Mask up! Stay safe!

Like most other people with access to a sewing machine, I have stitched up a fair number of masks since the COVID-19 pandemic began. When trying to decide which of the many available patterns to use, I considered the input of my partner, who works in a medical clinic and volunteers for the community health department and the experience of a couple of sewists I admire. My partner preferred the fitted style over the pleated style.

I met a woman who makes face masks for people in need during the pandemic, but it looked like she was getting overwhelmed by all the work.

She seamstressed.


Kenneth King and Ann Steeves of Gorgeous Fabrics made serviceable masks from a pattern available on Instructables, so that’s what I used too. I made a couple dozen of them, most of which I donated to my intrepid partner who has been on the front lines.

For the most part, I like this mask. The curves beneath the eyes and over the nose make it fit comfortably over the contours of one’s face. It’s easy to assemble, although the instructions could be streamlined so someone suffering from “Pandemic Brain” won’t melt down when trying to parse them. I had a couple of other issues with the mask: (1) the sides of the mask don’t taper towards the ears so there is some unattractive bunching of fabric in that area; (2) there isn’t enough structure to the mask to prevent the fabric from collapsing as you inhale and billowing out when you exhale. This isn’t awful; it’s unpleasant, though, when wearing a mask for an extended period or in hot weather.

Amy wearing the Instructables mask...with pandemic hair.

I didn’t have any better options at the time and used a twist tie for the nose wires. The did in a pinch, but weren’t sturdy enough to provide much shaping or to hold up long term.

THE VERDICT: Serviceable and still in use by all who received them. Some minor improvements would make them better for long-term use and overall comfort.


The next mask pattern I chose, I picked simply because it looked pretty in the blog pictures. There are worse crimes, right? The free pattern is offered by Treasurie, a crafty sewing blog, which offers other free patterns like scrunchies, napkins and baby skirts. They’re all very cute.

Unfortunately, the first problem I encountered was with the instructions. If you followed them step-by-step, you wouldn’t end up with something very nicely finished. There is no reason that any of these masks should have a zig-zagged or serged edge exposed. If you simply sew around the perimeter and leave a small opening, you can turn the mask inside out and then top stitch the perimeter sealing up that little hole. At first, I thought this instruction was just a fault of a sewing site that caters to beginners, but I’ve seen it in instructions for more sophisticated sewers too, so I’m not sure what to make of that. Perhaps it streamlines the process for people churning these out by the hundreds.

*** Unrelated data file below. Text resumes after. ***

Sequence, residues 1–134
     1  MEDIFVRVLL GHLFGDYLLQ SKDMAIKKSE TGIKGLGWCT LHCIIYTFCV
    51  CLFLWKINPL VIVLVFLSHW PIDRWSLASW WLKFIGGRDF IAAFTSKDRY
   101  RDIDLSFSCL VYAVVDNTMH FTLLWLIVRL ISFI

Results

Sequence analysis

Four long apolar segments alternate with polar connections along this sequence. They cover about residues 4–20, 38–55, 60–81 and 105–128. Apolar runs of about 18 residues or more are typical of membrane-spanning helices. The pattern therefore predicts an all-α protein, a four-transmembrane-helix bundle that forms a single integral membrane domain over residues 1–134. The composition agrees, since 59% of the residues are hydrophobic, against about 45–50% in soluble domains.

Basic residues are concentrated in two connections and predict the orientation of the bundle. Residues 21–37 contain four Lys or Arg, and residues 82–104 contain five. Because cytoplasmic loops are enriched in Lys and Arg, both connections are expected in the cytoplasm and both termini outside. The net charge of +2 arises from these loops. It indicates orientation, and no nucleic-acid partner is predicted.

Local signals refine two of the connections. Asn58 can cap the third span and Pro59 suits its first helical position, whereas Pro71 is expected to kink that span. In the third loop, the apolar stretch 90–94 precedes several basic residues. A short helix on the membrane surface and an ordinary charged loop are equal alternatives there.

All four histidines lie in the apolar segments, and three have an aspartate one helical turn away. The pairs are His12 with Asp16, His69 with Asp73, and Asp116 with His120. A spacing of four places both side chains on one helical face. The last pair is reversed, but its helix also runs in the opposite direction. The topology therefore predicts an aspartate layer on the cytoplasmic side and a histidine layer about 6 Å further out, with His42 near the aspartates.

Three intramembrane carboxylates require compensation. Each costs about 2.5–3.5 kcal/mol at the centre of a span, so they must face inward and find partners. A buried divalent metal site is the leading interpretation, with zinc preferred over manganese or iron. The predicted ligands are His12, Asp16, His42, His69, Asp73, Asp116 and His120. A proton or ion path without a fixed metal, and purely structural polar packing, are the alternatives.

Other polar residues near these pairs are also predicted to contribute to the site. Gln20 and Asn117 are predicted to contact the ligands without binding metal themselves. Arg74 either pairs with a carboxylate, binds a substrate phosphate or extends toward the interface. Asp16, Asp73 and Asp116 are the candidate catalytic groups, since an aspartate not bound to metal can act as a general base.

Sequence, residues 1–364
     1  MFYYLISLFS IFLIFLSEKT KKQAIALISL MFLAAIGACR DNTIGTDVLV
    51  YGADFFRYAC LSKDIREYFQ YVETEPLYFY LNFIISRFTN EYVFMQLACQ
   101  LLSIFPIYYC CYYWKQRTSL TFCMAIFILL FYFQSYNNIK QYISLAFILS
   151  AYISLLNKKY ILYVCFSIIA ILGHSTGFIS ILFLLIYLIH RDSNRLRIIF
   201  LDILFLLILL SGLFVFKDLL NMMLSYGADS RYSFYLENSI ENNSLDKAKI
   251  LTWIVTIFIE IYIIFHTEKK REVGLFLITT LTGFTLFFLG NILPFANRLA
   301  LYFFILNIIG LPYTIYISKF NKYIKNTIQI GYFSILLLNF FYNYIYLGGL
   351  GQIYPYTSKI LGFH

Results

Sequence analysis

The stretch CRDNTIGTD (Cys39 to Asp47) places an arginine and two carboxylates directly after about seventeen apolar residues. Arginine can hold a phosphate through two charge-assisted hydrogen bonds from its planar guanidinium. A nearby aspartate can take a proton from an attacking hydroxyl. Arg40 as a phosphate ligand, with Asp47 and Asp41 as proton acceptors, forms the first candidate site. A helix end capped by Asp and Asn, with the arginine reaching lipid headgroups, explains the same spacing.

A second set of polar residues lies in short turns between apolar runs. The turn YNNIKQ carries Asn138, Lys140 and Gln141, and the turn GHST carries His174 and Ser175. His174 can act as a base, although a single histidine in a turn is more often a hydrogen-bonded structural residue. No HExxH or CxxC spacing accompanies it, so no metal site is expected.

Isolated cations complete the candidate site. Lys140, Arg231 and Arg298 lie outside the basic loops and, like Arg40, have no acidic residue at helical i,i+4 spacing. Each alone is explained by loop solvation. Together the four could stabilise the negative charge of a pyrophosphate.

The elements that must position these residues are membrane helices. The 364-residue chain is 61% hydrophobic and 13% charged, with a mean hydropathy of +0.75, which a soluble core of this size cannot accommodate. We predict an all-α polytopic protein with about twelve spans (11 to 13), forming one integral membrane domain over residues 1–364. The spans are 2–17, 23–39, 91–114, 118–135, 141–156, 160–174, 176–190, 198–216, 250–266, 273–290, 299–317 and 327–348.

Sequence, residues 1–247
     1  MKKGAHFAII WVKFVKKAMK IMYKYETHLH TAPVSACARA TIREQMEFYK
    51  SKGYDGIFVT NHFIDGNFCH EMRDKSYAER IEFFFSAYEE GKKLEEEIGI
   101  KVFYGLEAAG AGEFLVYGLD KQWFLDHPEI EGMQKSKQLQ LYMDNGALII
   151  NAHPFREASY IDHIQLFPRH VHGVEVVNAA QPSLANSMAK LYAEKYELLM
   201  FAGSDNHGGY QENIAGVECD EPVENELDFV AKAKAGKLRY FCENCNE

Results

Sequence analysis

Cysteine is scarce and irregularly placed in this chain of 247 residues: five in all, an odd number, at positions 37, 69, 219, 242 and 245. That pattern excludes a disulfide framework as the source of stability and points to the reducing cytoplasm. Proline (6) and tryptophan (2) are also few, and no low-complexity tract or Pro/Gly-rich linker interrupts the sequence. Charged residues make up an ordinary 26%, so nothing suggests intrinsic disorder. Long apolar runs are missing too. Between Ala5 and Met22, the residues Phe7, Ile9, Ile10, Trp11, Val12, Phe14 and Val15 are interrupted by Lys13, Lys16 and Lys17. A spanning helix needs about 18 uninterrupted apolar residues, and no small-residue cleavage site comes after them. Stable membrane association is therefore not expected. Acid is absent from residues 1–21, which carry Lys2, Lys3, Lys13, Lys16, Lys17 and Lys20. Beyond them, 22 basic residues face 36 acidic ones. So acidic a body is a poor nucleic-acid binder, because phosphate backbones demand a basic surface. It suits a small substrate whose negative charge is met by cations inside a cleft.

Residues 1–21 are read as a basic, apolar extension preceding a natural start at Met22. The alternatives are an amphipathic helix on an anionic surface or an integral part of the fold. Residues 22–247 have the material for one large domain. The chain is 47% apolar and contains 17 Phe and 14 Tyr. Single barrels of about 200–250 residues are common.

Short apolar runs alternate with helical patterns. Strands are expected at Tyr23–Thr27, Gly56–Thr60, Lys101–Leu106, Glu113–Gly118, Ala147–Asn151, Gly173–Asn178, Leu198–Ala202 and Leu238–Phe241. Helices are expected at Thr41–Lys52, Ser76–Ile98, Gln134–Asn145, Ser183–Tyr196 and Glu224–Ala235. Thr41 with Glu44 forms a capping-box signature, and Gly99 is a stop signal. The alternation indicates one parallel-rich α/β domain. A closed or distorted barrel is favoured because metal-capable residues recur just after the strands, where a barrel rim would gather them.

The second issue I had with this mask is the shape. The top side is too straight across to accommodate the eye cavities and the nose ridge. I much, much prefer the shape of the Instructables mask. I find I’m constantly needing to adjust the position of this mask on my face and that is not good if you’re trying to avoid touching your face and spreading germs.

I did learn something good from trying out this pattern; however. The addition of a lightweight interfacing makes the mask hold up to multiple washings better. It also helps keep the mask a little more rigid so you don’t end up suctioning the mask to your nostrils every time you inhale. I overheard some people in Jo-Ann’s saying that they really didn’t like interfacing in their masks, and I simply cannot understand that after trying an interfaced mask. It’s 1,000,000,000,000 x better.

THE VERDICT: The best aspect of this mask was the support provided by the interfacing. See how nice and crisp they look in the photo? The shape simply did not work for me or my family.


I was prepared to draft my own pattern that melded the features of the Instructables mask with the Treasurie mask, but lucked out one evening while scrolling through Instagram. A sewing blogger (I lost track of who this was, unfortunately) posted a picture of a mask she made from a free StyleArc pattern and I had to try it. It was shapely and interfaced. It fits closely to the face without making you feel like you’re suffocating.

I used the last of my favorite Kaffe Fassett quilting cotton to make one. It is perfect. Goldilocks would approve of this mask.

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My name is Amy Stanton and I am a blogger from Seattle, WA. If you enjoy beautiful photographs, personal essays, book reviews, travel logs, and brag posts about sewing and knitting projects, then we are going to hit it off. ♥

2 thoughts on “Mask up! Stay safe!

  1. I love that last one! I don’t sew anymore and my machine is broken so I bought a few masks. They all fit differently but they are all hot to wear and my glasses fog up. Not sure there’s any cure for those things though. I’m grateful I don’t have to wear one 8 hours a day though like so many people out working.

    1. Here’s one thing I’ve learned, make sure the top of the mask is wedged under the nose bridge of your glasses. If there’s a wire in the top of the mask you can adjust it so it seals the mask against the top of your nose. This dramatically reduces the fogging up of glasses. Believe me, I’m also glad I don’t have to wear one of these all day long!

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